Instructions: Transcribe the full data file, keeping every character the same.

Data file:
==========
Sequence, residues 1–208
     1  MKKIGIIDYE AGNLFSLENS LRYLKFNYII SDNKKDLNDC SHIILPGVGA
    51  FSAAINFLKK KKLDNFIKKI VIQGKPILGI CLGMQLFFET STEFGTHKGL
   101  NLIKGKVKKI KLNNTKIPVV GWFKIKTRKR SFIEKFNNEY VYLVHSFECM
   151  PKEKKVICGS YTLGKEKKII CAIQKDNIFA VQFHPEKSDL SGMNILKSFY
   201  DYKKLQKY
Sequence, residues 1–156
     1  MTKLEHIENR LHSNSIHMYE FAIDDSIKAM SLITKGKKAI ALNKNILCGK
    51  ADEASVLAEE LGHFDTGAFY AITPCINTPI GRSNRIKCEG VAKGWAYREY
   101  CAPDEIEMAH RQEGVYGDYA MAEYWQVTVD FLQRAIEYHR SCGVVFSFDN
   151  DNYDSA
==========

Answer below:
Sequence, residues 1–208
     1  MKKIGIIDYE AGNLFSLENS LRYLKFNYII SDNKKDLNDC SHIILPGVGA
    51  FSAAINFLKK KKLDNFIKKI VIQGKPILGI CLGMQLFFET STEFGTHKGL
   101  NLIKGKVKKI KLNNTKIPVV GWFKIKTRKR SFIEKFNNEY VYLVHSFECM
   151  PKEKKVICGS YTLGKEKKII CAIQKDNIFA VQFHPEKSDL SGMNILKSFY
   201  DYKKLQKY
Sequence, residues 1–156
     1  MTKLEHIENR LHSNSIHMYE FAIDDSIKAM SLITKGKKAI ALNKNILCGK
    51  ADEASVLAEE LGHFDTGAFY AITPCINTPI GRSNRIKCEG VAKGWAYREY
   101  CAPDEIEMAH RQEGVYGDYA MAEYWQVTVD FLQRAIEYHR SCGVVFSFDN
   151  DNYDSA